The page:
Beyond Empires explores the complexity of empire building from the point of view of self-organized networks, rather than from the point of view of the central state. This focus takes readers into a world of cooperative strategies worldwide that emphasises the role played by individuals, rather than institutions, in the overseas expansion and consequent development of European empires. While unveiling the practices and mechanisms of cooperation between individuals, this volume show cases the role played by individuals for the creation, development and maintenance of self-organized networks in the Early Modern period. Applying new conceptual and theoretical inputs, this book values the contributions of different ‘worlds’, bringing to the fore the interactions of Europeans and non-Europeans, Christians and non-Christians, people living within-, on- or just outside the border of empire.
Catia Antunes, PhD (2004), Leiden University, is Associate Professor of Early Modern Economic and Social History at Leiden University, The Netherlands. She is the author of Globalization in the Early Modern Period (2004), with Francesca Trivellato and Leor Halevi (eds.), Religion and Trade (2014) and with Jos Gommans (eds.), Exploring the Dutch Empire (2015). She has been awarded a VIDI-NWO grant and a European Research Council Starting Grant.
Amélia Polónia, PhDC (2000), University of Porto, is Associate Professor of Portuguese Overseas Expansion at the Univerity of Porto, Portugal. She is Vice-President of the International Maritime Economic History Association and has been Principal Investigator of Hisportos (POCTI/HAR/36417/2000) and DynCoopNet (a ESF-TECT INCORE project). She is the author of A Expansão Ultramarina numa perspectiva local. O porto de Vila do Conde no século XVI (2007); The environmental impacts of the historical uses of the seas in the First Global Age [http://www.eolss.net] (2014), co-editor of Maritime History as Global History (2011), with Maria Fusaro and Seaports in the First Global Age ,1500-1800. Portuguese Agents, Networks and Interactions (2016), with Cátia Antunes.
"This is an impressive collection of essays that in the strength and coherence of its individual contributions succeeds in making a persuasive case. [...] this is a collection to be recommended for a wide audience. Unlike many volumes of this kind, it succeeds in advancing a clear argument and the editors are to be thanked for bringing together such an illuminating set of essays." - Adam Clulow, in: The International Journal of Maritime History, 29:4 (2017), pp. 927-929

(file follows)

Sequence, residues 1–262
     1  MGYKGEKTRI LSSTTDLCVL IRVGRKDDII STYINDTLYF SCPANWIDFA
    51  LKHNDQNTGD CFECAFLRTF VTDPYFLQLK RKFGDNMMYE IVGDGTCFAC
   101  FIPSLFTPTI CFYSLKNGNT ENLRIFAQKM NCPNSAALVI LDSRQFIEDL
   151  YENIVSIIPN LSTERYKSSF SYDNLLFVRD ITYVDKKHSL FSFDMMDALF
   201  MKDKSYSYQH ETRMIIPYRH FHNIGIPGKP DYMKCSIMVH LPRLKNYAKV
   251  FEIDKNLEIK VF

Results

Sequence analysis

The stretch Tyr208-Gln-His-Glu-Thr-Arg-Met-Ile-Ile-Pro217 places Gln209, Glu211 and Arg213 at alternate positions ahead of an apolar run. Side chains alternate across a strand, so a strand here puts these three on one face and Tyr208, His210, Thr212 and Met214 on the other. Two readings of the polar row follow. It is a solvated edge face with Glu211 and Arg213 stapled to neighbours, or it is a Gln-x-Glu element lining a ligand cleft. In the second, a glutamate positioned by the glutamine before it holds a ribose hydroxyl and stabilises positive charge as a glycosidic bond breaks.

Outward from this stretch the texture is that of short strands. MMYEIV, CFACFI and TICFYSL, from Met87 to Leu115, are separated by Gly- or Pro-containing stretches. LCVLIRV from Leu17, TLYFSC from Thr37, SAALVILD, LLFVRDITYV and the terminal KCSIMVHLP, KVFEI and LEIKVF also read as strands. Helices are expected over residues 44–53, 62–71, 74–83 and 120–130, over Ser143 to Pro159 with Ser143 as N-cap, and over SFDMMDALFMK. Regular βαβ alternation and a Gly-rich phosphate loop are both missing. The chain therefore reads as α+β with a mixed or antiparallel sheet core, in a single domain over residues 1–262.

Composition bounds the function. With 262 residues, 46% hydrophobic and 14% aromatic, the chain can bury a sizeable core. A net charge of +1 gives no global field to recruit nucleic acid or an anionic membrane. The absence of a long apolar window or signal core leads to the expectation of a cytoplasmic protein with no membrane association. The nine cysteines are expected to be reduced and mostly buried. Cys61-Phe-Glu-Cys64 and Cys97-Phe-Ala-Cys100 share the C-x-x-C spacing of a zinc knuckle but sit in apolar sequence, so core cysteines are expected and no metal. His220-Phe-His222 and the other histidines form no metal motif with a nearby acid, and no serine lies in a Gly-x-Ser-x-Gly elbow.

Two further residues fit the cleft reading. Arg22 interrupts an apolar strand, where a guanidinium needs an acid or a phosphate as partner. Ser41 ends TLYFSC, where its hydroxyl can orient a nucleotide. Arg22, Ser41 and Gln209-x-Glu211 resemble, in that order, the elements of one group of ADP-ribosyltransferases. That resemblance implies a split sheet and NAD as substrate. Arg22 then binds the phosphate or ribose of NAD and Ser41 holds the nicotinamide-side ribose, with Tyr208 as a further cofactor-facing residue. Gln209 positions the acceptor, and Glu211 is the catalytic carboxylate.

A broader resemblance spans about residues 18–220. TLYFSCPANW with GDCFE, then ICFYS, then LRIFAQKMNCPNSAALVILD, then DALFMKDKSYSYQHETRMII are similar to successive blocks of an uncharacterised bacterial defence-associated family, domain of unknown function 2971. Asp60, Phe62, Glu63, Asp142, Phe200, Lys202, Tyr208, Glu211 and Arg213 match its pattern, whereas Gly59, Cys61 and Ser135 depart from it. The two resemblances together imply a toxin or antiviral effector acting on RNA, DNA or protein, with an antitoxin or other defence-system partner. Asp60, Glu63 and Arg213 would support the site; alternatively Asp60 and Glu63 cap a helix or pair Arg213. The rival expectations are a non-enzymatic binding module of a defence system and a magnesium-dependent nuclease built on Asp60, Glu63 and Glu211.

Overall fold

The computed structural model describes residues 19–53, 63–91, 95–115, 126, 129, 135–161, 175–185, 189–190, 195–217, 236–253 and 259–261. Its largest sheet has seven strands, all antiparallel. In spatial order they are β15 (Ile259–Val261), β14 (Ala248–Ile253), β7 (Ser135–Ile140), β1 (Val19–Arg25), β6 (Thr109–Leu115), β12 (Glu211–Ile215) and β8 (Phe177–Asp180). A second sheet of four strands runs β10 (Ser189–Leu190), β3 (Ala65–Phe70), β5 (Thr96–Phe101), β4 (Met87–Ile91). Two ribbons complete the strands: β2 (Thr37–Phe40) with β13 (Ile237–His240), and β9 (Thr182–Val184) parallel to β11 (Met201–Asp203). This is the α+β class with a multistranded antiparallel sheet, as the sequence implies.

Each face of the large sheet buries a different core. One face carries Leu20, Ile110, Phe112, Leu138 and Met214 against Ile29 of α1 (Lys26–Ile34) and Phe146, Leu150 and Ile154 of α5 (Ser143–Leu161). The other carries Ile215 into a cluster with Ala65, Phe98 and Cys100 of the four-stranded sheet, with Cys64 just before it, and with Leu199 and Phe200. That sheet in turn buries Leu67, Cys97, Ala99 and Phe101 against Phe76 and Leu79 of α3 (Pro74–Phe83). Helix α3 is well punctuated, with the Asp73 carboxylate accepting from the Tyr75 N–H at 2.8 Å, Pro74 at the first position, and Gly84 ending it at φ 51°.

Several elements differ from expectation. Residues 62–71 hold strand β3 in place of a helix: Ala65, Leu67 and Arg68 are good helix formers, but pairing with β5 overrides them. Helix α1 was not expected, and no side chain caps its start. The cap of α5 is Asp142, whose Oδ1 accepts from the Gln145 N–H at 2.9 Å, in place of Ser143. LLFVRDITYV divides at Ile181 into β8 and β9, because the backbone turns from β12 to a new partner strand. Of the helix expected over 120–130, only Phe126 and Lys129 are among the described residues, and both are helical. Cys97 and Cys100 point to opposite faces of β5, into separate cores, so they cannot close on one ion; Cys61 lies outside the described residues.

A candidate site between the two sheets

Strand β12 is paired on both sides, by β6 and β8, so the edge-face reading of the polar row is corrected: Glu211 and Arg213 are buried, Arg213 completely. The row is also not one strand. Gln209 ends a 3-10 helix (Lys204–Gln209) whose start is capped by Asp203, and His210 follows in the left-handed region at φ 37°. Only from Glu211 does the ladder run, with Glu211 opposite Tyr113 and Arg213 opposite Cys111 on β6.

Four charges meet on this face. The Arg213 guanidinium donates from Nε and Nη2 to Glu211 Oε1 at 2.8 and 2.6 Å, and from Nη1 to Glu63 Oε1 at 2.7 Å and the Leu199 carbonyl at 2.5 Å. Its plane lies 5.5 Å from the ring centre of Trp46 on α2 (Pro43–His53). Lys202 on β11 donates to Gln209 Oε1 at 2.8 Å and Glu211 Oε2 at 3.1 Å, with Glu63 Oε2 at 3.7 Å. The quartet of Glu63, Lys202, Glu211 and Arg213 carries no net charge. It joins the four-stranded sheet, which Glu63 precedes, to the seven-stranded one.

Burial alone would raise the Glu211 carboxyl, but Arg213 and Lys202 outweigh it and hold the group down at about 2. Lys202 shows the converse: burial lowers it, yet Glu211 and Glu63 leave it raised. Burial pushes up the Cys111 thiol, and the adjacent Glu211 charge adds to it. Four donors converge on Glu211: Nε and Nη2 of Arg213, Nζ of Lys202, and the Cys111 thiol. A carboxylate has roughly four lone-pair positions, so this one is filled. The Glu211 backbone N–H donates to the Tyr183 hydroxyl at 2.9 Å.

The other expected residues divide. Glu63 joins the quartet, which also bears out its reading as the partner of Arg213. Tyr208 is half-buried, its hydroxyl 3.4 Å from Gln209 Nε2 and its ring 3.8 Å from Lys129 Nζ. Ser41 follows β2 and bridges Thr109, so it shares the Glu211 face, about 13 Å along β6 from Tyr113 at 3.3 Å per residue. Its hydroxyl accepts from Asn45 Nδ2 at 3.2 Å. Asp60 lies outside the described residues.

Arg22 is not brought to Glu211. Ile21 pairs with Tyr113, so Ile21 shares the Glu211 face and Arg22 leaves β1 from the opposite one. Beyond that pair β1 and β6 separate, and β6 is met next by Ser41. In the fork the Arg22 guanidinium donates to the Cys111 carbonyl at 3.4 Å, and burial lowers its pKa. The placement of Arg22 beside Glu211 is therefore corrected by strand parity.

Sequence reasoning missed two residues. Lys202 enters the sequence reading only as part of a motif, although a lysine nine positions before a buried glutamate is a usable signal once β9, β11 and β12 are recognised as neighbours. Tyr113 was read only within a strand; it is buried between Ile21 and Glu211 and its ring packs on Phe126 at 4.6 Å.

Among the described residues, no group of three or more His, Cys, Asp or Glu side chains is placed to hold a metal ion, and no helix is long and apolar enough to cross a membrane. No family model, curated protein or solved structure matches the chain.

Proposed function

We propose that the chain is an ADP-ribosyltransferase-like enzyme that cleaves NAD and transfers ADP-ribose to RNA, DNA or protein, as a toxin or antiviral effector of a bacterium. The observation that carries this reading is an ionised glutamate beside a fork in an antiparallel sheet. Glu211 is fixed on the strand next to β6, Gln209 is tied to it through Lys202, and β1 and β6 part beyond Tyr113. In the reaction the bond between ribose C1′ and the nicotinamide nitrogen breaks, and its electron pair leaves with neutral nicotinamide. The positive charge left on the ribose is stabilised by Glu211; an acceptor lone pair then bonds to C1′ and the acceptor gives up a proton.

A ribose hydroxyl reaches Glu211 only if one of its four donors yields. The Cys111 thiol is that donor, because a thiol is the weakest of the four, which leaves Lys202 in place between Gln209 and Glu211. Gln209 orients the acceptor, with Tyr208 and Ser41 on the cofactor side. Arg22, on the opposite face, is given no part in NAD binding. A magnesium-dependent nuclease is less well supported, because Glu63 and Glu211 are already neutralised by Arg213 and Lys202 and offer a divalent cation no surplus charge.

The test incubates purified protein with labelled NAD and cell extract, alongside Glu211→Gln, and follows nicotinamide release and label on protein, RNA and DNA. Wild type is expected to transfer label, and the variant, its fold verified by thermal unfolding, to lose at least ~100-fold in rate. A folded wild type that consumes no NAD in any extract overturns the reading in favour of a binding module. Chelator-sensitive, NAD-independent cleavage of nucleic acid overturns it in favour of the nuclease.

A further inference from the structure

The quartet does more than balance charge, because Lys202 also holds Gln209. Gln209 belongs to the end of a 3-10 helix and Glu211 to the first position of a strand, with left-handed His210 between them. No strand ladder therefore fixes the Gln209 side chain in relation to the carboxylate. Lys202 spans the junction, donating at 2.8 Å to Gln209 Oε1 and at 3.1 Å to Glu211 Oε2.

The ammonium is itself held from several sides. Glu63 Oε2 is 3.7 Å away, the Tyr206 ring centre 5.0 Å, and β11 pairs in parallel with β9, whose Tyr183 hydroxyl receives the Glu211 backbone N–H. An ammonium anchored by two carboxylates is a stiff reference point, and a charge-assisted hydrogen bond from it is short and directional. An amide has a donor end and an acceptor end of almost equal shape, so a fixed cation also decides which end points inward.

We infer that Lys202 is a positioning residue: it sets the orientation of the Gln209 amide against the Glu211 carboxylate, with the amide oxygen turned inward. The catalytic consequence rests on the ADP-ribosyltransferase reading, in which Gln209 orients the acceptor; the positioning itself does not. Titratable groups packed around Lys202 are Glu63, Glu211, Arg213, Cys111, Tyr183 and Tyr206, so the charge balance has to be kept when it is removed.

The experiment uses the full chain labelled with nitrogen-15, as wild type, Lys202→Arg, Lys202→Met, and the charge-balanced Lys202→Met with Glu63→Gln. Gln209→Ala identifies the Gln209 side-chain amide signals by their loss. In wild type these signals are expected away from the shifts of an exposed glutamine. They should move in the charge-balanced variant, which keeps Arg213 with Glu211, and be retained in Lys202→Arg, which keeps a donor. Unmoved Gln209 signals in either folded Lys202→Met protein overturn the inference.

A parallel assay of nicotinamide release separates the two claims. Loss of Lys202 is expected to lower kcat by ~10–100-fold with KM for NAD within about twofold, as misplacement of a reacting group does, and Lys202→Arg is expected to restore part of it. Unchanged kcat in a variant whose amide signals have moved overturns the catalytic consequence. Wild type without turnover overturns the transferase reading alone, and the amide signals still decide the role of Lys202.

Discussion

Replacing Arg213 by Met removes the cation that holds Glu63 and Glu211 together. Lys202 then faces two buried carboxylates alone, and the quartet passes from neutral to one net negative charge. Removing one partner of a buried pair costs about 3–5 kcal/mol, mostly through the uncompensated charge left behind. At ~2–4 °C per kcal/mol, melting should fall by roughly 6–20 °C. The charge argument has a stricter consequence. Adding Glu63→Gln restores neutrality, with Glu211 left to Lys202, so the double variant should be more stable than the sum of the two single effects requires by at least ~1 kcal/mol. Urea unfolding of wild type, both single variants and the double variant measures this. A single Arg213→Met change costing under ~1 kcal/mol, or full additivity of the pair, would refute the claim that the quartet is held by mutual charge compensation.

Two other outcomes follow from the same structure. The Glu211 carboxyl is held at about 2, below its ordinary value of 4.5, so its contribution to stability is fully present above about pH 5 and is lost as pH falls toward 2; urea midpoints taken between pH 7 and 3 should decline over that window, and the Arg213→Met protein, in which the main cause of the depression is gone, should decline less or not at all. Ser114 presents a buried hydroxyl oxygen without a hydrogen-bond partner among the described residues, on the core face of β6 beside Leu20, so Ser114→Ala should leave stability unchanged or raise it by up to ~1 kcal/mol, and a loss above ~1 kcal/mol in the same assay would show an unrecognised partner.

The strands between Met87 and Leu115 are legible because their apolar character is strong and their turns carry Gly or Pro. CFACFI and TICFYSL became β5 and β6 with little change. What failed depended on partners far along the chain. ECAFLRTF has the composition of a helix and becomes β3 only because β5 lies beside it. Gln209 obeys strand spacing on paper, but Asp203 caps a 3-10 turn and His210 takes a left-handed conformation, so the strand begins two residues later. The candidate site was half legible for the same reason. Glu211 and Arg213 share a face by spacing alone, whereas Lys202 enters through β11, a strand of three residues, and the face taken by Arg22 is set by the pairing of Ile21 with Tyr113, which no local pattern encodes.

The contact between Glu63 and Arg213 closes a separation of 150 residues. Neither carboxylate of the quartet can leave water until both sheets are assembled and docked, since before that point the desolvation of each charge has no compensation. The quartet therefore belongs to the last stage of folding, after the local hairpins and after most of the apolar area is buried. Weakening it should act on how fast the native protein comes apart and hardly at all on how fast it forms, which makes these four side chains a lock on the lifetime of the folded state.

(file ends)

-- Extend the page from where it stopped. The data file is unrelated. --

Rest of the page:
"Beyond Empires succeeds in constructing a history of unofficial global networks and informal commercial activities in the early modern period. Cátia A.P. Antunes and Amelia Polónia argue that ‘this informal empire that was brought to fruition by the individual choices of free agents and their networks as a reaction to state-imposed monopolies was … a borderless, selforganized, often cross-cultural, multi-ethnic, pluri-national and stateless world that can only be characterized as global’ (10). This collective volume offers fresh evidence on private entrepreneurs, merchant families, and mercantile" - Brian Sanberg, in: Itinerario, 41:3 (2017), pp. 636-638 [DOI:10.1017/S016511531700081X]
"[This] volume contains numerous valuable and fascinating insights into the transnational and trans-imperial operations of informal commercial networks. However, while this empirical richness alone makes the volume a worthwhile read, by far its greatest achievement is the formulation of an analytical framework for the analysis of transnational networks." - Felicia Gottmann, in: Journal of World History, 29:4 (2018), pp. 574-584 [DOI: 10.1353/jwh.2018.0058]
General Editor’s Foreword ... vii
List of Figures and Tables ... x
List of Contributors ... xii
Introduction ... 1
Cátia Antunes and Amélia Polónia
1 The Evolution of Norms in Trade and Financial Networks in the First Global Age: The Case of the Simon Ruiz’s Network 12
Ana Sofia Ribeiro
2 Trans-Imperial and Cross-Cultural Networks for the Slave Trade, 1580s–1800s ... 41
Filipa Ribeiro da Silva
3 Dutch and English Approaches to Cross-Cultural Trade in Mughal India and the Problem of Trust, 1600–1630 ... 69
Guido van Meersbergen
4 ‘The Japanese Connection’: Self-Organized Smuggling Networks in Nagasaki circa 1666–1742 ... 88
5 The Pirate Round: Globalized Sea Robbery and Self-Organizing Trans-Maritime Networks around 1700 ... 138
6 Merchant Cooperation in Society and State: A Case Study in the Hispanic Monarchy ... 160
Ana Crespo Solana
7 In the Shadow of the Companies: Empires of Trade in the Orient and Informal Entrepreneurship ... 188
8 Smuggling for Survival: Self-Organized, Cross-Imperial Colony Building in Essequibo and Demerara, 1746–1796 ... 212
9 Trading with Asia without a Colonial Empire in Asia: Swedish Merchant Networks and Chartered Company Trade, 1760–1790 ... 236
10 Was Warfare Necessary for the Functioning of Eighteenth-Century Colonial Systems? Some Reflections on the Necessity of Cross-Imperial and Foreign Trade in the French Case ... 253
Epilogue ... 278
Cátia Antunes and Amélia Polónia
Bibliography ... 281
Index ... 300
This book is meant for MA and graduate students interested in Empire as well as specialists on empire building and Early Modern history.